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Undecided

Saudi Arabia

Saudi Arabia has explicitly threatened to swiftly acquire nuclear weapons should Iran do so. Thus, if Saudi Arabia were today a party to the TPNW, there would be issues of possible compliance related to the Treaty's prohibition on development of nuclear weapons, which would need to be addressed by a meeting of states parties.

TPNW Status

SIGNATURE
DEPOSIT WITH UNSG
ENTRY INTO FORCE
DECLARATION
TPNW Article 1(1) prohibitions: Compatibility in 2022
(a) Develop, produce, manufacture, acquire Of concern
Test Compatible
Possess or stockpile Compatible
(b) Transfer Compatible
(c) Receive transfer or control Compatible
(d) Use Compatible
Threaten to use Compatible
(e) Assist, encourage or induce Compatible
(f) Seek or receive assistance Compatible
(g) Allow stationing, installation, deployment Compatible
TPNW voting and participation
UNGA resolution on TPNW (latest vote) Abstained (2023)
Participated in 1MSP (2022) No
1MSP delegation size (% women) N/A
Adoption of TPNW (7 July 2017) Voted yes
Participated in TPNW negotiations (2017) Yes
Negotiation mandate (A/RES/71/258) Voted yes
Other weapons of mass destruction (WMD) treaties
Party to an NWFZ No
Party to the NPT Yes (Acceded 1988)
Ratified the CTBT No
Party to the BWC Yes (Ratified 1972)
Party to the CWC Yes (Ratified 1996)
IAEA safeguards and fissile material
Safeguards agreement Yes (13 Jan 2009)
TPNW Art 3(2) deadline N/A
Small Quantities Protocol Yes (Original)
Additional Protocol No
Enrichment facilities/reprocessing plants No
HEU stocks No
Plutonium stocks No

Latest developments

Saudi Arabia possesses a sizable stockpile of mineable uranium ore; has announced an intention to build several nuclear reactors across the country; and possesses several types of ballistic missiles that could be used to deliver nuclear weapons. While these factors do not necessarily indicate the country’s interest in developing nuclear weapons at this time, Saudi Arabia’s Small Quantities Protocol exempts the country from IAEA monitoring and inspections obligations, which increases ambiguity around the country’s nuclear intentions and capabilities.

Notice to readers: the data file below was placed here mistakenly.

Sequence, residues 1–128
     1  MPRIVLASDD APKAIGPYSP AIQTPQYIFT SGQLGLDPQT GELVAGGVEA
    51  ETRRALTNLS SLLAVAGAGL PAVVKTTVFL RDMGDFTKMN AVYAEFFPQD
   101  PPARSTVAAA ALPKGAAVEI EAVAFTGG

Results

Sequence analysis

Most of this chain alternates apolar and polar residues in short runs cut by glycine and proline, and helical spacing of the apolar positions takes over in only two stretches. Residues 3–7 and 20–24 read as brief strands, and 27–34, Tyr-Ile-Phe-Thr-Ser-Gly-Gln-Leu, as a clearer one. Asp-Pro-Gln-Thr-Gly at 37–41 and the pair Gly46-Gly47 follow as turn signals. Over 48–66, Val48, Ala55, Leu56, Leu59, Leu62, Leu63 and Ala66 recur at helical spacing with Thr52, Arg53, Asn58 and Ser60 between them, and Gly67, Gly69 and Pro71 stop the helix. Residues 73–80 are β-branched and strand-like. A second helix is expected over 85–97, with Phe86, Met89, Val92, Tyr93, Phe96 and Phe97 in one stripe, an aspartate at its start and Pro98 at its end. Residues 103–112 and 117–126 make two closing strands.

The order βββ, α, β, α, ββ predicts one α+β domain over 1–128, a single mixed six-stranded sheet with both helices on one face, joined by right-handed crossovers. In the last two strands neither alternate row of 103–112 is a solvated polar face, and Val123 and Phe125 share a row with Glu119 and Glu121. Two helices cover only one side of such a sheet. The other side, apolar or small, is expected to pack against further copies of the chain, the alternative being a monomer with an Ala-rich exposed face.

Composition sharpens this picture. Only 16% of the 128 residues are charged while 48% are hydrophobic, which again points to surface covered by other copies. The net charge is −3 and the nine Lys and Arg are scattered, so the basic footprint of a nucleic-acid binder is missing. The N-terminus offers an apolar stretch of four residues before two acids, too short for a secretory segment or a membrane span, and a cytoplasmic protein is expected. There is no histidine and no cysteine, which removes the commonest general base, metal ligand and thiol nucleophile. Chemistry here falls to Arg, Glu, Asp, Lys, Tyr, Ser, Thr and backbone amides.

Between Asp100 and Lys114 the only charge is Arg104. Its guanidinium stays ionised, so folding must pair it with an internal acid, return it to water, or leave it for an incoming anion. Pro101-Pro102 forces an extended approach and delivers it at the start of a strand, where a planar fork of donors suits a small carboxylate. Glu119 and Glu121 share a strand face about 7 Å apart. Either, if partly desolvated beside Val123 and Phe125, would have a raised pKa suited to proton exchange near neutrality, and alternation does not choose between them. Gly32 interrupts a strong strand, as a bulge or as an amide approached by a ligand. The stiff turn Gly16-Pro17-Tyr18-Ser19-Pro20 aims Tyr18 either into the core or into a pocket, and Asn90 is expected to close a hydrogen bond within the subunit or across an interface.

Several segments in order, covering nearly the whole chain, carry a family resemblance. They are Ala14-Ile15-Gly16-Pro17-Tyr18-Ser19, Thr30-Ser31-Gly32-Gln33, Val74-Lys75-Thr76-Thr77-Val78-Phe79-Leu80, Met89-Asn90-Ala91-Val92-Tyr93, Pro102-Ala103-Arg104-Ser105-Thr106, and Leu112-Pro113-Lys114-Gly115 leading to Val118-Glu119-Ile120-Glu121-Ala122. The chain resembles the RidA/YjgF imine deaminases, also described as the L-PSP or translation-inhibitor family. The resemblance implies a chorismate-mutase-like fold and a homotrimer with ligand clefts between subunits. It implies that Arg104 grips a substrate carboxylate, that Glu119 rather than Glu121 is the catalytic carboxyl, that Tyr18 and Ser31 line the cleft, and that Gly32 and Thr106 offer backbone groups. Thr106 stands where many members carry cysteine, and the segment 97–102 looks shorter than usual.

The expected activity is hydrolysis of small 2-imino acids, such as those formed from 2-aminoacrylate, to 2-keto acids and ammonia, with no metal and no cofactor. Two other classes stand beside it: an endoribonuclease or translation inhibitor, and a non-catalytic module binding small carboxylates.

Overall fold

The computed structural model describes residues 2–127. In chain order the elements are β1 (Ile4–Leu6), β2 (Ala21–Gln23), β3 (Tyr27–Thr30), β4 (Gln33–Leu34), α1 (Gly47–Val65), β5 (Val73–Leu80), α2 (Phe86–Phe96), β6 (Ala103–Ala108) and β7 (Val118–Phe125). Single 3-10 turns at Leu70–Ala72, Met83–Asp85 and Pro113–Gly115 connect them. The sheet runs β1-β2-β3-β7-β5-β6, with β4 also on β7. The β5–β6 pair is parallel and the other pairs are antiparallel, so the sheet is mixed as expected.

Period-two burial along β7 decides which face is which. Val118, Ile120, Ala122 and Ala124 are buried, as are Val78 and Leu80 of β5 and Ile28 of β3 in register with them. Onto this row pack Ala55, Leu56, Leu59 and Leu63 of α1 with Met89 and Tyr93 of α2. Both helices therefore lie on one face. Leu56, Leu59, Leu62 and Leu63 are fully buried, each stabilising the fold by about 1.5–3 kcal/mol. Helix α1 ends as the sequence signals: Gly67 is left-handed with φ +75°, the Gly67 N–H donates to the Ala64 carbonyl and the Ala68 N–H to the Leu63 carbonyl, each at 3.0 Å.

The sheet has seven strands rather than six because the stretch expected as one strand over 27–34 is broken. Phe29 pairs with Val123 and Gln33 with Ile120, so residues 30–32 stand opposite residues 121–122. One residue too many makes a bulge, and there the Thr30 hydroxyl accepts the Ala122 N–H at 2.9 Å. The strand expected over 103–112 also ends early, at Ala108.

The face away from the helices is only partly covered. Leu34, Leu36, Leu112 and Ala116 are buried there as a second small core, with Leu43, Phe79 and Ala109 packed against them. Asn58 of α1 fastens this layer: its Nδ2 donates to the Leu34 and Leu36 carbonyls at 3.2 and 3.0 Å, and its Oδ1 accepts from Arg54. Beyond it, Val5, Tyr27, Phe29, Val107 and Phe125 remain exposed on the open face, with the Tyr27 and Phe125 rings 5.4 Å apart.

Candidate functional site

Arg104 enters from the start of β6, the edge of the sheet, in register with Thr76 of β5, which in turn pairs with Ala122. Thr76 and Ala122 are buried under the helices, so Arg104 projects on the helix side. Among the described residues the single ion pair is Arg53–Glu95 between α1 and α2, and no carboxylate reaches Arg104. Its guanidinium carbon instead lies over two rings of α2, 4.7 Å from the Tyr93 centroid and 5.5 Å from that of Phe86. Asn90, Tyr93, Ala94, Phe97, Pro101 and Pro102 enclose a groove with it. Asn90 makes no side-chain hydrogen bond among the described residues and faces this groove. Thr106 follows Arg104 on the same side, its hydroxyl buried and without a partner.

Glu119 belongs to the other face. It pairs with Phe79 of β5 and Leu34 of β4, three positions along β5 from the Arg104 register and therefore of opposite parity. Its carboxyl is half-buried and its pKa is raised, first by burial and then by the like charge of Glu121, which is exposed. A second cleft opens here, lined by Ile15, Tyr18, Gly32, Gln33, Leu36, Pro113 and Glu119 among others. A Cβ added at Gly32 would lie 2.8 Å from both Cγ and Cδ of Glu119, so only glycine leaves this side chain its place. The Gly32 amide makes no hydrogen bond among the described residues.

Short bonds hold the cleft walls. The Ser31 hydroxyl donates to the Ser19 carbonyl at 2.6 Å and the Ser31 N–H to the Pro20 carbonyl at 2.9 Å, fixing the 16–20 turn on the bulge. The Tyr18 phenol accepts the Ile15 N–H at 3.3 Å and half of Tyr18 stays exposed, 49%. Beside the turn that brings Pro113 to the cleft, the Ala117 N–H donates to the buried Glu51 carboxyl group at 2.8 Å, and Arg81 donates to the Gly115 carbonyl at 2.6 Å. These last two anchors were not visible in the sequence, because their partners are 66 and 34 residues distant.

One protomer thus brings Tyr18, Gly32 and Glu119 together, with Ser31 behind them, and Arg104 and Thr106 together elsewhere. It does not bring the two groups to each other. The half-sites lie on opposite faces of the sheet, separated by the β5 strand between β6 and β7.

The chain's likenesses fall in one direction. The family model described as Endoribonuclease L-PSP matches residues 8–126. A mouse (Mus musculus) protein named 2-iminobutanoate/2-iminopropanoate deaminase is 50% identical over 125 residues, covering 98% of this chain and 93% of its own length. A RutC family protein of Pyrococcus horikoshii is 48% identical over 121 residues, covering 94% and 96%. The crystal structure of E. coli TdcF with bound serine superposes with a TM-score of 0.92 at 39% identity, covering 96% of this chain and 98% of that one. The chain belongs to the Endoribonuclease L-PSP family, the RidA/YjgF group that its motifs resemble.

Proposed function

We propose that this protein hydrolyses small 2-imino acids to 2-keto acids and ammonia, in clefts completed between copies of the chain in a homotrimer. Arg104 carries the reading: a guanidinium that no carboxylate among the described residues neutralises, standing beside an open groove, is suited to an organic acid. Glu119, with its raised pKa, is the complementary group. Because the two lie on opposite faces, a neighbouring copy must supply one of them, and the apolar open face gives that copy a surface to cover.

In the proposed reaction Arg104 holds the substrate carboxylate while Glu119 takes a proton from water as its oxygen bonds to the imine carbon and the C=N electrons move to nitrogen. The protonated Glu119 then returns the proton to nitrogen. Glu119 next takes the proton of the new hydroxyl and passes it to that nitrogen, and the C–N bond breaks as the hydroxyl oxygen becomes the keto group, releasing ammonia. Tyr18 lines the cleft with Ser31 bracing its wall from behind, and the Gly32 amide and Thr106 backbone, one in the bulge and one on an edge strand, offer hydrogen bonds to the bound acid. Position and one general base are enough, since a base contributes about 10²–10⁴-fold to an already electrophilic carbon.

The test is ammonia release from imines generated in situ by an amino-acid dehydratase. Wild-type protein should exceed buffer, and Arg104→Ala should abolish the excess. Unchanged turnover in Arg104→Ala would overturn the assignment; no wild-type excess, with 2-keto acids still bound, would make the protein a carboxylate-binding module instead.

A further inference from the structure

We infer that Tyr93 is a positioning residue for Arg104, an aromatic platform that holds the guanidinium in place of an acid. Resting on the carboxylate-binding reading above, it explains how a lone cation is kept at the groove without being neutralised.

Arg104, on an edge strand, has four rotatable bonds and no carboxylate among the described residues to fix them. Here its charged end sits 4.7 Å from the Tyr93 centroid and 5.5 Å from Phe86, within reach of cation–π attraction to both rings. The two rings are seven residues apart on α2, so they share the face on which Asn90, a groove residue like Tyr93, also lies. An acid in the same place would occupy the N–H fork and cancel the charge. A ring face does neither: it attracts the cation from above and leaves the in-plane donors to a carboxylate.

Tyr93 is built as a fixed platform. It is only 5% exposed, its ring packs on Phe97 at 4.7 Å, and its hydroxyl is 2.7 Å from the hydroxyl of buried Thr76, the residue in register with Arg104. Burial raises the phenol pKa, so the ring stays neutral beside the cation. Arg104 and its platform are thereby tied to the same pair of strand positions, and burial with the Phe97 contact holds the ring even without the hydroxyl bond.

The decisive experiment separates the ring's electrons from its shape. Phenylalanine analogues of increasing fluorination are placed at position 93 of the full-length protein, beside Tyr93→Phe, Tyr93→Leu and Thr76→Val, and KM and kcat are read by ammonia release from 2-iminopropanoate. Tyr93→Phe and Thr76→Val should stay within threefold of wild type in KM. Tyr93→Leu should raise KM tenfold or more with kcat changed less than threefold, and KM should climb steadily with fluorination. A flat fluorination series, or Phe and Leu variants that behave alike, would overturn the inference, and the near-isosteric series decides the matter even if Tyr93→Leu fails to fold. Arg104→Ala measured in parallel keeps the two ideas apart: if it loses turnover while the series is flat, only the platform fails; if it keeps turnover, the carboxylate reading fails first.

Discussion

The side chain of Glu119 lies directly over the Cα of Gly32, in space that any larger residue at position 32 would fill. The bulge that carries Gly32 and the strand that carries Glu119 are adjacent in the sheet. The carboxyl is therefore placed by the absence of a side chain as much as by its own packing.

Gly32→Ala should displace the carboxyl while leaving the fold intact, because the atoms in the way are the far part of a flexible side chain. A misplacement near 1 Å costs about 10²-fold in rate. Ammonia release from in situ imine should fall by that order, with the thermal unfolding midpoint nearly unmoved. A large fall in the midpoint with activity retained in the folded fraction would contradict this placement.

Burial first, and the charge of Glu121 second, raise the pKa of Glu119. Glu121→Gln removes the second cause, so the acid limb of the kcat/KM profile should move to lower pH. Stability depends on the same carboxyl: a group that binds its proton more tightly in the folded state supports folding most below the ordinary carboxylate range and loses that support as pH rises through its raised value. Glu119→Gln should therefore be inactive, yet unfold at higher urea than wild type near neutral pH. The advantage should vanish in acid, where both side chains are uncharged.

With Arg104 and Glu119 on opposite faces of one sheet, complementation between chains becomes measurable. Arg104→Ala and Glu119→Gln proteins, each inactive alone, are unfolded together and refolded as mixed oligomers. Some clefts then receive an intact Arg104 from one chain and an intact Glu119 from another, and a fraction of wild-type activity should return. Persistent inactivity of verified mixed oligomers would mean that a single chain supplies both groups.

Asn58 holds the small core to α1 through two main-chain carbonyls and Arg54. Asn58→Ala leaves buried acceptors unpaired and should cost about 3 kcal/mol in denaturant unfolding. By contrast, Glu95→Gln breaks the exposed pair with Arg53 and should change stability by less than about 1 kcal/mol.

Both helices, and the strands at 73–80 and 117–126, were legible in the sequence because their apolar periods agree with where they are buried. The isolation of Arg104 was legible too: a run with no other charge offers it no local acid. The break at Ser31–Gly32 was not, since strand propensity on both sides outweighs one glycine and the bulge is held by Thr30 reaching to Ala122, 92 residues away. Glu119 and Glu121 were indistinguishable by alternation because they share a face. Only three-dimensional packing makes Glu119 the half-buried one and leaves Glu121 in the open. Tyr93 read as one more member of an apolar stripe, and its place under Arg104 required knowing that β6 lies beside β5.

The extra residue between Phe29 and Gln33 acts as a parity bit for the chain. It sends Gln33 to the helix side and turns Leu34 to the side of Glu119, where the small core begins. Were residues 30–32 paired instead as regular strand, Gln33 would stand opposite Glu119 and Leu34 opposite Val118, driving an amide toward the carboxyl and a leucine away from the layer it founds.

Marking the International Day for the Total Elimination of Nuclear Weapons on 26 September 2022, Saudi Arabia said that it ‘gives special attention to acceding to all the treaties and agreements that would help to eliminate all forms of nuclear weapons, achieve peace and stability, and reduce the risks of wars where internationally forbidden weapons are used’.1

Saudi Arabia voted in favour of adopting the TPNW at the UN Diplomatic Conference in 2017. After having voted in favour of the previous annual UN General Assembly resolutions on the Treaty, Saudi Arabia abstained on the vote in 2021 and 2022.

Recommendations

  • Saudi Arabia should comply with its existing obligation under Article VI of the Treaty on the Non-Proliferation of Nuclear Weapons (NPT) and pursue negotiations in good faith on nuclear disarmament.

  • Saudi Arabia should urgently adhere to the TPNW. Until it is in a position to do so, it should welcome the TPNW as a valuable component in the global disarmament and non-proliferation architecture, work with the Treaty's states parties on practical steps towards disarmament, and attend the meetings of states parties as an observer.

  • Saudi Arabia should conclude and bring into force an Additional Protocol with the IAEA, and rescind its Small Quantities Protocol.

  • Saudi Arabia should also adhere to the Comprehensive Nuclear-Test-Ban Treaty (CTBT).

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